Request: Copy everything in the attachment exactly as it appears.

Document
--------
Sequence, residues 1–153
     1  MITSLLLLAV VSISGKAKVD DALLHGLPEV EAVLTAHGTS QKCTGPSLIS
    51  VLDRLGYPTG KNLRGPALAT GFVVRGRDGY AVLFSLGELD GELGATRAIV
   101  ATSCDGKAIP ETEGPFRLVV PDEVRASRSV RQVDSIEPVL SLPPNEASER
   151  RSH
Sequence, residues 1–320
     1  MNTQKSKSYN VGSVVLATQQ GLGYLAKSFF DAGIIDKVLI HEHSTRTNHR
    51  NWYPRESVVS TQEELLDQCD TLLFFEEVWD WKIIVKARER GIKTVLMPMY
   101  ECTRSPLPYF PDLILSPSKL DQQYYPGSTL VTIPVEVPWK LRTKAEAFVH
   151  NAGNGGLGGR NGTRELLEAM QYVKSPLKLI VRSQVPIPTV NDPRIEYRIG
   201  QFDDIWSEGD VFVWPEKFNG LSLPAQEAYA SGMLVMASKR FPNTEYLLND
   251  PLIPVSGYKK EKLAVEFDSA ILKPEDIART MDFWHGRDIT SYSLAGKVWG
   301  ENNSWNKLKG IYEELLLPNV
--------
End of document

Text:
Sequence, residues 1–153
     1  MITSLLLLAV VSISGKAKVD DALLHGLPEV EAVLTAHGTS QKCTGPSLIS
    51  VLDRLGYPTG KNLRGPALAT GFVVRGRDGY AVLFSLGELD GELGATRAIV
   101  ATSCDGKAIP ETEGPFRLVV PDEVRASRSV RQVDSIEPVL SLPPNEASER
   151  RSH
Sequence, residues 1–320
     1  MNTQKSKSYN VGSVVLATQQ GLGYLAKSFF DAGIIDKVLI HEHSTRTNHR
    51  NWYPRESVVS TQEELLDQCD TLLFFEEVWD WKIIVKARER GIKTVLMPMY
   101  ECTRSPLPYF PDLILSPSKL DQQYYPGSTL VTIPVEVPWK LRTKAEAFVH
   151  NAGNGGLGGR NGTRELLEAM QYVKSPLKLI VRSQVPIPTV NDPRIEYRIG
   201  QFDDIWSEGD VFVWPEKFNG LSLPAQEAYA SGMLVMASKR FPNTEYLLND
   251  PLIPVSGYKK EKLAVEFDSA ILKPEDIART MDFWHGRDIT SYSLAGKVWG
   301  ENNSWNKLKG IYEELLLPNV